The Jehovah's Witnesses did not offer any comment about their sale offering to the Brooklyn Eagle when asked about it. They did give the Eagle permission to publish their images of 69 Adams St.
      Zoned for as-of-right residential development
      The city Landmarks Preservation Commission doesn't have any control over what is built at 69 Adams St. because it is located outside the neighborhood's historic districts.
      Because of the site's zoning, “a new luxury residential tower with commercial, community facility and retail uses” can be built as-of-right, the Watchtower's online description of the site notes.
      The religious organization, which has had a major presence in the area for more than a century, is in the throes of selling off its once enormous property portfolio in Brooklyn Heights and DUMBO. That's because the Jehovah's Witnesses are relocating their headquarters to upstate Warwick, N.Y.
      The 69 Adams St. site has 103 feet of Front Street frontage. It's caddy-corner to upscale food market Foragers, and shares its block with a handsome residential tower, 85 Adams St.
      If a residential tower is built at 69 Adams St., it will have views of Lower Manhattan's skyscrapers, the Brooklyn Bridge, the Manhattan Bridge, the East River and the Midtown Manhattan skyline.
      According to city Finance Department records, the site has belonged to the Watchtower since 1991, when the organization purchased it from LI Machine & Pattern Works Inc.
      Another Watchtower property recently sold for $105 Mil
      The Jehovah's Witnesses began a new round of property offerings this past December. Since then, the organization has closed on the $105 million sale of 124 Columbia Heights, a 10-story residential building on the Promenade in Brooklyn Heights, to Florida Panthers hockey team owner Vincent Viola, Finance Department records indicate.
      Also, the Watchtower has made a handshake deal to sell its Brooklyn Heights headquarters at 25-30 Columbia Heights and a nearly 1 million-square-foot development site at 85 Jay St. in DUMBO for roughly $700 million, the New York Postpreviously reported. The buyer is Donald Trump's son-in-law Jared Kushner.     
      In addition to 69 Adams St., the other Watchtower property that's currently available for sale is 107 Columbia Heights, a 154,000-plus square-foot residential property in the Brooklyn Heights Historic District.
      Several other Watchtower properties in Brooklyn Heights and DUMBO have not yet been put up for sale.
      Source: 
      Hello guest! Please register or sign in (it's free) to view the hidden content.



    • Guest Nicole
      By Guest Nicole
      Part of a series on:
      9 Apr 2016 02:11 PM EST
      -by Laura Tucker, Staff Writer; Image: Prince Rogers Nelson performing in the 1980s (Image Source: Yves Lorson via Wikimedia Commons)
      We've been hearing this week that Prince might not have had a will, and that if that is the case, by Minnesota law, his closest living relative would be rewarded with his estate. In this case it would be his full sister, Tyka Nelson.
      Out of all this confusion, a trust company has now been appointed to help manage his estate until someone else officially takes over.
      Prince was divorced twice, and his only child died at just one week old. His sister Tyka, also a singer, is a recovering addict who at one time lived in a crack house. She and her brother were somewhat distant at one point but grew closer as of late. In addition, he has five half-siblings from his father's second marriage.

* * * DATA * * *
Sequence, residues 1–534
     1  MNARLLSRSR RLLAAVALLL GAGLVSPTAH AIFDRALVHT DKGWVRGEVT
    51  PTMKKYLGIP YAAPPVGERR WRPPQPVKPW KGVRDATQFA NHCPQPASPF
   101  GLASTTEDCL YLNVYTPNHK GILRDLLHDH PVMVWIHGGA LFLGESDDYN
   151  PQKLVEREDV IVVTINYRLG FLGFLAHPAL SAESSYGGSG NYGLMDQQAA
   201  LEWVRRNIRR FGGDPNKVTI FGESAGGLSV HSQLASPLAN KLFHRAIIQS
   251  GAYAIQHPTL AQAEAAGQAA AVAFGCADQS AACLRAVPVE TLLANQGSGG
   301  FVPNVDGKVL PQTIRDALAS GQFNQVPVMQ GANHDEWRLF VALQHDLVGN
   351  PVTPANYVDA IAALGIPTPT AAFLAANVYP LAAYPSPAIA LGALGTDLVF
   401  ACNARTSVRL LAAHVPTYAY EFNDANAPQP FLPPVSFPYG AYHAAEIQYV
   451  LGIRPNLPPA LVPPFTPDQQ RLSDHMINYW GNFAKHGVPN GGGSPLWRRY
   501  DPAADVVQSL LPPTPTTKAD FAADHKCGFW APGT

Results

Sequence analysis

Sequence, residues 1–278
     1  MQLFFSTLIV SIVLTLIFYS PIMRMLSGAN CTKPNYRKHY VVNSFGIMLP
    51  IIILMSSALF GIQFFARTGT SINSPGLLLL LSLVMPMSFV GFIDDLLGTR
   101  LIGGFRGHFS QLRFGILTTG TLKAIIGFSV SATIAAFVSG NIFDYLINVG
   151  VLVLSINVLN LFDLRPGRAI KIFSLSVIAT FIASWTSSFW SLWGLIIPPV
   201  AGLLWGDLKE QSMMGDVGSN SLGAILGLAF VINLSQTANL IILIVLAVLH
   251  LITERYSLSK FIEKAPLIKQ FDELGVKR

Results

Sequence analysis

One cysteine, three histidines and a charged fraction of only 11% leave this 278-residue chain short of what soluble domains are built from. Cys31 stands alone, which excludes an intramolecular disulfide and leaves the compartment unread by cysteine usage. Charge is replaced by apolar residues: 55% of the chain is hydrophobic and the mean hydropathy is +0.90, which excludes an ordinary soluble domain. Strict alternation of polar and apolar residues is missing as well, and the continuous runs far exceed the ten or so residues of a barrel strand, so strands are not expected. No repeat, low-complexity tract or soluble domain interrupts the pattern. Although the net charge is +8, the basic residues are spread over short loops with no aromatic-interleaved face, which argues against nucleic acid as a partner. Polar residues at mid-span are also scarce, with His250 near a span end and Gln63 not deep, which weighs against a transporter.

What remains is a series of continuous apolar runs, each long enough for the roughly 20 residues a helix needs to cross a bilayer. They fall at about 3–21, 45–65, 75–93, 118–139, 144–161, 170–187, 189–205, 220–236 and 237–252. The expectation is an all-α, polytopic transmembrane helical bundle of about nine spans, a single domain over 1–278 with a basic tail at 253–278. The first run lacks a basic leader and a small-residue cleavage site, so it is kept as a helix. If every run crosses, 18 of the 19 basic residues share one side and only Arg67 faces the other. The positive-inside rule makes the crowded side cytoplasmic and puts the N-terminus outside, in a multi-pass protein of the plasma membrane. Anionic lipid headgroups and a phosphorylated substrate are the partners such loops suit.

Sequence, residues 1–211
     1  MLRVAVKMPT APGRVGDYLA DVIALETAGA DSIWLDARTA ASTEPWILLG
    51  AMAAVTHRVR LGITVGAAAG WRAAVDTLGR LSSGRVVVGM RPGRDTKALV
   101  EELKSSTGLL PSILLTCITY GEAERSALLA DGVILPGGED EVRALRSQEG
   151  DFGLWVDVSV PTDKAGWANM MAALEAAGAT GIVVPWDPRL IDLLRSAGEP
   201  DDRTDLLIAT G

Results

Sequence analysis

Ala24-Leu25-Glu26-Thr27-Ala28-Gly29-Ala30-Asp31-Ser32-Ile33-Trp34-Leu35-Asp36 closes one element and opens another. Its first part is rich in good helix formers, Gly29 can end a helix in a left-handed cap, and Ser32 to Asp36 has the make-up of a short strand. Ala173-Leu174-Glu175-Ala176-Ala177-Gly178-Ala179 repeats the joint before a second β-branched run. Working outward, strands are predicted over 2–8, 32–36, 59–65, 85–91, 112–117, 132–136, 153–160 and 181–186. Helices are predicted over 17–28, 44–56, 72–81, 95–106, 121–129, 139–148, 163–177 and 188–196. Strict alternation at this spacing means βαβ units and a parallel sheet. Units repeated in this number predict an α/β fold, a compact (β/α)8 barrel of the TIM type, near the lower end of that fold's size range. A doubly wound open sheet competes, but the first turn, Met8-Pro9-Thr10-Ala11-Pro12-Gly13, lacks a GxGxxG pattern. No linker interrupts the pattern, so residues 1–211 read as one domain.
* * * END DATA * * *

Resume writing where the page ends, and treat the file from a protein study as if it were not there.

After stating earlier that she believed there was no will and that she was the only benefactor, Tyka asked for the appointment of a special administrator because she believed immediate decisions need to be made regarding his business interests.
      Brewer Trust has now been named special administrator of the estate as the result of an informal telephone conference with Prince's possible heirs and a judge.
      The judge has decided that Bremer Trust has the authority to manage and supervisor the musician's assets and to determine his heirs. They will have this role for six months or until a personal representative is appointed.
      It has been said that the estate could be worth as much as $800 million. In addition to that there is a known vault that contains up to 2,000 recordings of his that were never released. Prince was in control of those as well as all of his other music.
      However, because of Prince's close association with the Jehovah's Witnesses, some have assumed that he would have left at least some of his fortune to them, yet nothing in that realm has been substantiated yet.
      Source: 
      Hello guest! Please register or sign in (it's free) to view the hidden content.
    • Guest Nicole
      By Guest Nicole
      by Claude Scales on April 14, 2016 10:30 pm in Brooklyn Heights, News, Real Estate, Watchtower
      The Real Deal reports that the Jehovah’s Witnesses are putting another of their Brooklyn Heights properties up for sale: the nine story, presently 161 unit residential building at 107 Columbia Heights, which sits at the southeast corner of Columbia Heights and Cranberry Street. The piece quotes Tucker Reed, of the Downtown Brooklyn Partnership, as estimating that the building could fetch around $154 million. BHB reader Andrew Porter posted this comment on the Real Deal story:
      "Really ugly modernist building with non-traditional window arrangement. The best thing going for it is the lovely garden and fountain entrance on the Columbia Heights side, which is the actual entrance."
      Photo by moi for BHB.
      Source: 
      Hello guest! Please register or sign in (it's free) to view the hidden content.
  • Forum Statistics

    60,023
    Total Topics
    109,127
    Total Posts
  • Member Statistics

    16,182
    Total Members
    1,592
    Most Online
    Patricia deaton
    Newest Member
    Patricia deaton
    Joined




×
×
  • Create New...

Important Information

Terms of Service Confirmation Terms of Use Privacy Policy Guidelines We have placed cookies on your device to help make this website better. You can adjust your cookie settings, otherwise we'll assume you're okay to continue.